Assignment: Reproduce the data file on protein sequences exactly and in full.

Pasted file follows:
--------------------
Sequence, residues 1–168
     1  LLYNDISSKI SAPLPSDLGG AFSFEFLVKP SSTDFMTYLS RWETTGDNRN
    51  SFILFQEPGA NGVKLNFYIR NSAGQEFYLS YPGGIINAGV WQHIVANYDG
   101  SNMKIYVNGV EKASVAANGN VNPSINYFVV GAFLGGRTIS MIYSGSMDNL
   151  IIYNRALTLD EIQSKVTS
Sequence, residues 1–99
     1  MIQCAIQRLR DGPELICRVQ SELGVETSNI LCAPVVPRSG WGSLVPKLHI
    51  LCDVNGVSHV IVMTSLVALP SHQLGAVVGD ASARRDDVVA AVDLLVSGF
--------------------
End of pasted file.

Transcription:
Sequence, residues 1–168
     1  LLYNDISSKI SAPLPSDLGG AFSFEFLVKP SSTDFMTYLS RWETTGDNRN
    51  SFILFQEPGA NGVKLNFYIR NSAGQEFYLS YPGGIINAGV WQHIVANYDG
   101  SNMKIYVNGV EKASVAANGN VNPSINYFVV GAFLGGRTIS MIYSGSMDNL
   151  IIYNRALTLD EIQSKVTS
Sequence, residues 1–99
     1  MIQCAIQRLR DGPELICRVQ SELGVETSNI LCAPVVPRSG WGSLVPKLHI
    51  LCDVNGVSHV IVMTSLVALP SHQLGAVVGD ASARRDDVVA AVDLLVSGF